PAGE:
The hard-centre is racist

This article was initially commissioned and published by the Independent. It was spiked within hours.  

Within twenty-four hours, Change UK racked up more racism scandals than the Brexit Party, Farage’s shifty bunch of ghouls. How?

It is partly amateurism. Two candidates were caught out by old, casually racist, social media posts. Ali Sajdady, who was to represent the group in London, had said: “When I hear that 70% of pick pockets caught on the London Underground are Romanian it kind makes me want Brexit.” Joseph Russo, the top candidate in Scotland, had put his fear of black women down to having been “chased through Amsterdam by a crazy black whore”.

They had probably forgotten about this offhand racism. Any professional party would have warned them that old tweets could become an issue. No matter how small the audience for something posted seven years ago, the potential audience for it is in the entire internet. That’s the corollary of Twitter’s microcelebrity lotto. And even if your candidates aren’t racist, no one is so squeaky-clean as to be invulnerable. Anyone aspiring to be a candidate should surely be begged to scrub or delete their old accounts. 

So if Change UK didn’t do this, they might not be tactical geniuses. They may also complacently assume that racism is a nasty attitude displayed only on the ‘extremes’, to which ‘moderates’ are immune. For example, when Chuka Umunna’s old Blue Labour-inflected anti-immigration tweets are brought up, the prevalent assumption appears to be that this can’t be racist because he is a moderate, professional politician. This logic is exemplified by the dubious Anna Soubry. The second she attacked Theresa May’s racism on immigration, the smart bet was that her voting record would show that she had consistently voted to make life harder for immigrants and refugees. For, Soubry had been careful to impugn May’s “personal” attitude to immigrants, as though the issue were individual prejudice. Soubry could thus defend her record by insisting that she doesn’t have a “personal” problem with immigrants. After all, she voted to make life harder for almost everyone, particularly the most vulnerable, sick, disabled and jobless. 

Perhaps more worrying, though, is the niche obsession that leading members of Change UK militantly defend. Who would die in a ditch for the right of Nora Mulready, a right-wing exile from Haringey Labour, to be a self-appointed hammer of Islam? Why should a small party struggling for progressive support rally for her right to define, against the Muslim Council of Britain and Tell MAMA, what is ‘Koranically justified’? Whence her theological authority? Why do they need a candidate whose reaction to right-wing protests in Pakistan is to panic about immigration, or who thinks that Tommy Robinson “touched a societal raw nerve”? What part of the Remain constituency is going to be set alight by this sort of Islam-baiting edgelordism. Yet Mike Gapes, Joan Ryan and Ann Coffey, all of whom resigned from the Labour Party citing allegations of institutional racism, have all lined up with Mulready on Twitter. And they are doing so with that soul-wearying, petty, sanctimonious belligerence that politicians have begun to display on social media.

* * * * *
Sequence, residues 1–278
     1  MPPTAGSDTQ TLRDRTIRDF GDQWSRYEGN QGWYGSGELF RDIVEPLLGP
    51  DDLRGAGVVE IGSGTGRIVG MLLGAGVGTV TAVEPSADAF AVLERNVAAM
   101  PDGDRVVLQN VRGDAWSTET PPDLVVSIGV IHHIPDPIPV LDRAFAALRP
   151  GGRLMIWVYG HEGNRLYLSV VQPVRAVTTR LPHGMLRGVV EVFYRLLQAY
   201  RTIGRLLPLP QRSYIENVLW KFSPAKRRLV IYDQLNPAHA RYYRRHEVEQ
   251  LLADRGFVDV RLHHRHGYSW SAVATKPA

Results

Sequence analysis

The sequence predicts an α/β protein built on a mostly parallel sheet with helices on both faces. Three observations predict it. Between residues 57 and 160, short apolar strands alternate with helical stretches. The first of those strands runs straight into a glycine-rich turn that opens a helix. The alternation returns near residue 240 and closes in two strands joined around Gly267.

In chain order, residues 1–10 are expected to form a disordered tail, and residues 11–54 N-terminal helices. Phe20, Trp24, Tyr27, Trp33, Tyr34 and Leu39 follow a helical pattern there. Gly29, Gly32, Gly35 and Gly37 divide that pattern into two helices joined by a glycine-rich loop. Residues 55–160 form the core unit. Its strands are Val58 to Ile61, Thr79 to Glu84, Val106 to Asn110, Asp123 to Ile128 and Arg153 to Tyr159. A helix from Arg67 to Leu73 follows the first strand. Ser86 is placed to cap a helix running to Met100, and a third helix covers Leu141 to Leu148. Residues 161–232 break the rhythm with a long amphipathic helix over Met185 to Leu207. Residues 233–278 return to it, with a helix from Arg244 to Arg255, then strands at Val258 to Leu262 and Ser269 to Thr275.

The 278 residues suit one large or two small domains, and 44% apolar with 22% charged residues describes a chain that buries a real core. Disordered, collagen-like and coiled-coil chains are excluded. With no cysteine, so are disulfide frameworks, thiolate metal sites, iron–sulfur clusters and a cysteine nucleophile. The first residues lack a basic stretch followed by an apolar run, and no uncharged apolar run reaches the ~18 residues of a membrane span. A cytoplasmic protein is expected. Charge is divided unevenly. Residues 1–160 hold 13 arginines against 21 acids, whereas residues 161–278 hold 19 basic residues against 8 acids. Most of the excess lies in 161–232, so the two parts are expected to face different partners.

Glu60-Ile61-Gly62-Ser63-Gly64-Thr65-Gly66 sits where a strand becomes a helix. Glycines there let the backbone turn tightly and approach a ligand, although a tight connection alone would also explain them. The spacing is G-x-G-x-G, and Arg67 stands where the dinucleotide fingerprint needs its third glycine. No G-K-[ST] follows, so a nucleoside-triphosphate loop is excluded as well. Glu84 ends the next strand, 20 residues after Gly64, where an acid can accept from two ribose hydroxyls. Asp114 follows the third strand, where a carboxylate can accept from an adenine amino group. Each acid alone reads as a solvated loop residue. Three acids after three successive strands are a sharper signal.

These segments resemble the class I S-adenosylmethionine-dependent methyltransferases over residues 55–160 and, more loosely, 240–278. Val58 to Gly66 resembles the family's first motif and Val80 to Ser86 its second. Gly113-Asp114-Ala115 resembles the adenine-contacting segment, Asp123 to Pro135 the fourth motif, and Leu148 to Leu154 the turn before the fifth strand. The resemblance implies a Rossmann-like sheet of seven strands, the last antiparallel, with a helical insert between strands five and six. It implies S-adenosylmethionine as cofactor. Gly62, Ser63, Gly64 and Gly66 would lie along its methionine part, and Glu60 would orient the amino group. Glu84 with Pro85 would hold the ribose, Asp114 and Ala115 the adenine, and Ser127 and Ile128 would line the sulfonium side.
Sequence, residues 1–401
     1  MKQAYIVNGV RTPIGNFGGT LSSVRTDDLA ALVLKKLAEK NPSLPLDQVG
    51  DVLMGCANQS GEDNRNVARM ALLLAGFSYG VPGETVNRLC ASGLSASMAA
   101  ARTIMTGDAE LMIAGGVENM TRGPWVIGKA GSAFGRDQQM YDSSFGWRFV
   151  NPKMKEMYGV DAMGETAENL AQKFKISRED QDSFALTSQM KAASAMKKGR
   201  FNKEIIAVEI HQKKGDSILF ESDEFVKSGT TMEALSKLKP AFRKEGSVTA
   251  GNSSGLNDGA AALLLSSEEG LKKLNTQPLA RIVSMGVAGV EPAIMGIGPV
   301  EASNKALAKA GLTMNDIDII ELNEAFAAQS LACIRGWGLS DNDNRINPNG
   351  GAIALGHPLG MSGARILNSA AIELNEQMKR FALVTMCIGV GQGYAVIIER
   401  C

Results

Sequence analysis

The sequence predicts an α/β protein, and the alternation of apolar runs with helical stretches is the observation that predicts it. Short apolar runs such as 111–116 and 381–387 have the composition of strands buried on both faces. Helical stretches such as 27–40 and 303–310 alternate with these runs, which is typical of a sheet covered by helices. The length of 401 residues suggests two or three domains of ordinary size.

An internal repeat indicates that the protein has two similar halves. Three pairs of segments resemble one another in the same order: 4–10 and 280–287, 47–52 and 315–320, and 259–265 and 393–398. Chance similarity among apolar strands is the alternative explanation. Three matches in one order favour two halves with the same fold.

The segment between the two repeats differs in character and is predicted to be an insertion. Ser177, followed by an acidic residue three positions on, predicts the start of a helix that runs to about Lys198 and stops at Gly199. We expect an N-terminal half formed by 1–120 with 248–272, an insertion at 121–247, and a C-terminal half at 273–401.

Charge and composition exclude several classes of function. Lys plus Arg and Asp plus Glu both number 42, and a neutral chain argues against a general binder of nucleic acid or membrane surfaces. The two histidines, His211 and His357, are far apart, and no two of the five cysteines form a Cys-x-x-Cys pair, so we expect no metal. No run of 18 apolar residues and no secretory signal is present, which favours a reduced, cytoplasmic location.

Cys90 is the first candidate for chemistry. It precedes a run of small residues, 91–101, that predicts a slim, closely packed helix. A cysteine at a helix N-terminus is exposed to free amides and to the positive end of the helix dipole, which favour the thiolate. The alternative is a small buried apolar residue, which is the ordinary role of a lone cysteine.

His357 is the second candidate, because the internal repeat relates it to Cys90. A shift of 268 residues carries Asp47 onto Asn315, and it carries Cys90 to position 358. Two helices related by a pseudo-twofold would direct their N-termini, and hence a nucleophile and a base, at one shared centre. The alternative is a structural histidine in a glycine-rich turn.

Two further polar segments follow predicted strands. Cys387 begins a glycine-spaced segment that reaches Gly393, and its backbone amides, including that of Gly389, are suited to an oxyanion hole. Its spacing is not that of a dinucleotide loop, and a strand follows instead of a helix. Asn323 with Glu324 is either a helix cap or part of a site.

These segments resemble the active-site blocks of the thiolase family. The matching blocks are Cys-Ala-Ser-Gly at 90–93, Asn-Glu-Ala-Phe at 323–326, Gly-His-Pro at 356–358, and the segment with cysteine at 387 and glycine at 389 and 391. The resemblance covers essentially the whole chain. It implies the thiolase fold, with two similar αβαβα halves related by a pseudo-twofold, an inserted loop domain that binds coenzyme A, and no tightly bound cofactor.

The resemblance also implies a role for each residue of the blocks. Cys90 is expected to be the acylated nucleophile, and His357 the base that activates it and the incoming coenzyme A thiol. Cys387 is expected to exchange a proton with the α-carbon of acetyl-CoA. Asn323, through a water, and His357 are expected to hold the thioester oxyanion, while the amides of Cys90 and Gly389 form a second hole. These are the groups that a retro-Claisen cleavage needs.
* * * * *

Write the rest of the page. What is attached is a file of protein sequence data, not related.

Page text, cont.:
That’s because Gapes and company are unreformed relics of New Labour, defending a legacy they ought to be burying. Beginning with Jack Straw accusing gypsies of shitting in shop doorways, and reaching its apex when Tony Blair blamed “black culture” for a wave of knife-crime in London, New Labour jolted the language on race to the right. Intellectuals and politicians of the hard-centre adopted a neo-Powellite, culturalist language on race. They complained that Britain’s minorities, particularly Muslims, were ‘self-segregating’, refusing to ‘integrate’, a threat to ‘Britishness’, in need of surveillance and policing. They claimed that immigration was a threat to the welfare state and community cohesion. On the neocon-curious end of this tendency, this bled into a nerdy, hyperventilating fixation on tendentious readings of the Koran and Muslim history. This was all congruent with policy: militarism abroad, internment, surveillance and police shootings at home. By 2006, when Jack Straw was a Home Secretary berating Muslim women for wearing the niqab, a congenial Blairite columnist could write: “I try to imagine how I would feel if this rainstorm of headlines substituted the word ‘Jew’ for ‘Muslim’ … I would be looking for my passport.”

As the Blairite Dan Hodges once put it, Labour’s language drove the BNP’s obsessions up the agenda. It propelled the nationalist-right to years of success. Blair, the patron saint of this tendency, is still at it, blaming migrants and multiculturalism for the far-right. Thankfully, that era of Labour’s history has passed. The Labour Party the Tiggers left is far less racist than the Labour Party the Tiggers loved. That’s the stark truth about Change UK. Just because they’re pro-European doesn’t mean they’re anti-racist.

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